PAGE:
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10 Signs of Depression’s Early Warning

Posted Jul 01 2008 4:11pm

weather map

On the road to a class in Topeka about 24 miles to the west. I was just getting ready to turn onto K-10 and make my way to the turnpike when the radio buzzed annoyingly with a weather alert. There was a tornado warning for Topeka. A twister had been sighted just southwest of town and was moving northeast. So much for class.

I love watching big storms move in. Can’t say I like having to hunker down in the basement when they’re on top of me and the sirens are blowing but they are beautiful. Definitely makes you feel small and puts things in perspective. In the big picture our problems are very small and while they may make us run and take shelter on occasion, they will pass.

storm clouds

One thing I’ve learned is to pay attention to the warning signs of depression. We may not have early warning radar, satellite imagery and a news crawl across our t.v. telling us it’s coming. With a little mindfulness and a willingness to face what’s going on (rather than try to avoid or ignore it and hope it’ll go away) we can take the necessary steps to head off the black dog storm. At the very least we can minimize its effects.

  1. more easily irritated
  2. changing your bedtime ritual (e.g. going to bed later/earlier, watching too much t.v., etc.)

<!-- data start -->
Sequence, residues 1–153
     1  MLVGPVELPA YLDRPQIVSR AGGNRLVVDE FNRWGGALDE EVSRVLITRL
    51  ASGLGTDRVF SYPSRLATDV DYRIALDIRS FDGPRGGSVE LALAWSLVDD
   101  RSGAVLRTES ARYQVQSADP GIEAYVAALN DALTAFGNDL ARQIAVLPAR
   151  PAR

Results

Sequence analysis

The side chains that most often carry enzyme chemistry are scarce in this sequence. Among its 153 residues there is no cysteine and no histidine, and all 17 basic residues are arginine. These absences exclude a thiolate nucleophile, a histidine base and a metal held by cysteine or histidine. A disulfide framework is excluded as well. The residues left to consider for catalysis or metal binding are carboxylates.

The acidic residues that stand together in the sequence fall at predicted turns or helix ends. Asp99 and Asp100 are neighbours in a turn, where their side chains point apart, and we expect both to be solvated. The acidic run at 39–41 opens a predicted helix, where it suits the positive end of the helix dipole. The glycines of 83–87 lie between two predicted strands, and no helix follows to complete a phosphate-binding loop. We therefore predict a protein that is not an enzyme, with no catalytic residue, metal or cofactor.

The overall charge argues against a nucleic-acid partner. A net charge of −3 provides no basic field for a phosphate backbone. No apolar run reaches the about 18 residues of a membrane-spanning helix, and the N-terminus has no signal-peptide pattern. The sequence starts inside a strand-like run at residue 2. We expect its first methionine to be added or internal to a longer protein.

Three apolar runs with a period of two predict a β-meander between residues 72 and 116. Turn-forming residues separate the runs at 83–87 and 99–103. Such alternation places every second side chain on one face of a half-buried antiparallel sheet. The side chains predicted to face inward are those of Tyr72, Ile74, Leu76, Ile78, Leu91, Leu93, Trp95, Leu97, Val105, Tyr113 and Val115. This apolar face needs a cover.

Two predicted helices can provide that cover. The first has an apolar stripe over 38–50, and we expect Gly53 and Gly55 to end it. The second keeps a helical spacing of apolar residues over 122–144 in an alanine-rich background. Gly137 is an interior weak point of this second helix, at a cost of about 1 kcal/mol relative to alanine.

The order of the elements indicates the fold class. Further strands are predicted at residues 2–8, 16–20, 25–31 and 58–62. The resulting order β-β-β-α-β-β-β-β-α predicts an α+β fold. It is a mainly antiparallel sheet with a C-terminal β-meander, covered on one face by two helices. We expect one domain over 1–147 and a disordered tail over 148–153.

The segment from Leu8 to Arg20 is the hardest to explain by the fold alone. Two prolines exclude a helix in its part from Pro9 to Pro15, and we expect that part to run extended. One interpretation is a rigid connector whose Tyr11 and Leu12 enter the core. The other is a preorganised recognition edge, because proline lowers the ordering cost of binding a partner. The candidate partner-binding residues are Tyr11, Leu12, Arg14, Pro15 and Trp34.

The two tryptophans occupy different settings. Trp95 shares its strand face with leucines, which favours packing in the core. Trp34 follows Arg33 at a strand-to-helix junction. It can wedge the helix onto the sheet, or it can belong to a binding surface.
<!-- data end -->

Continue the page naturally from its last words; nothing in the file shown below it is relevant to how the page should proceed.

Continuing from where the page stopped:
3. withdrawal from family, friend & co-workers
  4. dwelling on negative experiences, catastrophizing
  5. feeling like you’re stumbling through your day, just making the motions
  6. you stop exercising
  7. little things (taking the trash out, making a bed) start to seem like they take too much effort
  8. spending more time doing mindless activities - t.v., video games, internet (except to read this blog!)
  9. more aches and pains - worrying about your physical health
  10. feeling stuck - unable to make decisions

If you notice that you seem to be living more in your head, obsessed by your thoughts/feelings, then you may be slipping a leash back on to your black dog. You need to take the necessary steps to head it off. Get back into counseling, practice TLC, get on meds if necessary, etc. Force yourself to do what you know is good for you. Above all do not ignore the signs. It may seem that it’s easier to ignore them and hope they’ll go away but they won’t.

Take charge of your life, your health. No one else can do it for you.

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